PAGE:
Abortion in Turkey: Legally allowed but de facto banned
Although abortion is legal in Turkey since 1983, access to it is not always guaranteed; a fact not unrelated to the condemnatory remarks by political leaders whose words may sometimes be more effective than laws.
In May 2017, 17-year-old R.G. in Mersin, Turkey, was discovered being 10 weeks pregnant after months of sexual abuse and rape by 5 men. Her request to terminate the pregnancy was met with weeks of hindrance from courts refusing her access to abortion and resulting in her giving birth. Her ordeal was recently recognized by the Constitutional Court, which in September 2020 ruled that her rights were violated and awarded her 100.000 TL in compensation.
In R.G.’s case what seems to have come as more of a surprise was the Constitutional Court’s decision, in a political climate rendering access to abortion more and more difficult.
Although abortion is legal in Turkey since 1983, de facto access to it is not always guaranteed, partly due to condemnatory statements by political leaders whose words may sometimes be more effective in shaping the practice than the laws.
The 1983 law on Population Planning permits terminating pregnancies voluntarily until the 10th week. After 10 weeks, abortion is permitted if the pregnancy constitutes a risk to mother’s life, or there’s a risk for “the child and the future generations to be severely disabled”.
Pregnancies that result from a crime, like R.G.’s case, are subject to the Turkish Penal Code, which permits abortions in these cases up to the 20th week.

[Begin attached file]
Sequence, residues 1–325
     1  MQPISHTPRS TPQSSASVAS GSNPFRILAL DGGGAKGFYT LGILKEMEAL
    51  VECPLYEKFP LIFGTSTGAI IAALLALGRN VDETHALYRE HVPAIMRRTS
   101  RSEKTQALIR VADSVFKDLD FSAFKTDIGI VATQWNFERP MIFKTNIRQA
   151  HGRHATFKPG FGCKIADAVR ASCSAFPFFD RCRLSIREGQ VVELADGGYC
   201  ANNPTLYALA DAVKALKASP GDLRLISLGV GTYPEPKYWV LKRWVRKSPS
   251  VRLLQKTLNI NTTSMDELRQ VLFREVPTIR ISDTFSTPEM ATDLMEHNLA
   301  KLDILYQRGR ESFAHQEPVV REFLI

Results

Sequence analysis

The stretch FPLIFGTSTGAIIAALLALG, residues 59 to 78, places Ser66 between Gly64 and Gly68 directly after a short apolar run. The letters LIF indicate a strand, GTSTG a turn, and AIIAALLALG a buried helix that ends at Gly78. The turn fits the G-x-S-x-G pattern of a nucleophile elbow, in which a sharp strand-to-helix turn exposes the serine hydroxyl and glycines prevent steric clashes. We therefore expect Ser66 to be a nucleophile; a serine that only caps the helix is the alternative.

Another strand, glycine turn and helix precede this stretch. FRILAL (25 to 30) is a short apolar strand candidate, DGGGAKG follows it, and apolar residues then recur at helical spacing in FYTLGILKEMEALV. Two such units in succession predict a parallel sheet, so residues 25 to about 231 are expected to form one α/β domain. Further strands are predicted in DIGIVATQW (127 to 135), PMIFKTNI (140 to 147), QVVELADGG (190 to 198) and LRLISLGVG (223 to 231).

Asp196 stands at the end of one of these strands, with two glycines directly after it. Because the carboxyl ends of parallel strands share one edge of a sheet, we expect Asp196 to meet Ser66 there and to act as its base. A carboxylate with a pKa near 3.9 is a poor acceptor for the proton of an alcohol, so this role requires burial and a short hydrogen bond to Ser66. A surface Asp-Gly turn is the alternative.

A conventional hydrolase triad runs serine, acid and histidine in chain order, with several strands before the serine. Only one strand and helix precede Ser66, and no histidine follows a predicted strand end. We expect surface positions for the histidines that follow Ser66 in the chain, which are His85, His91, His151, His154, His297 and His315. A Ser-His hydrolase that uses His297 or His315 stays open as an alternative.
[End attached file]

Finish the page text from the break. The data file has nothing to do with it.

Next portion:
Public hospitals refuse to do abortions
However, the fact that the laws allow abortion does not necessarily mean that women have access to it. When activists from a women’s shelter (Purple Roof) called public hospitals in Istanbul in 2015 to ask if they carry out abortions, less than a tenth responded positively.
Out of 37 public hospitals contacted only 3 said they provide non-emergency abortions, 17 said they do it only if there are emergency complications and 12 hospitals refused to offer even emergency abortions.
A few years later, Kadir Has University in Istanbul conducted a wider research, contacting 295 public hospitals around Turkey. The researchers found that only 10 hospitals out of 295 offer abortion services to the full extent provided for in the current law.
When asked for the reasons for not offering abortion services most of the hospitals responded by saying that “abortion is illegal or forbidden”, “it is forbidden in public hospitals” or that “it’s the doctor’s choice”.
The report on the findings of this research, Legal But Not Necessarily Available: Abortion Services at Public Hospitals in Turkey – 2020, mentions other responses as well:
“Of the 295 hospitals that were contacted, twice our researcher was asked “are you married͟?”, 5 times “where are you calling from?”, once “how old are you?”, 6 times “how many weeks?”, once “why do you want to have abortion?”, 3 times “are you pregnant?”, and finally one person asked “don’t you want to have a baby?”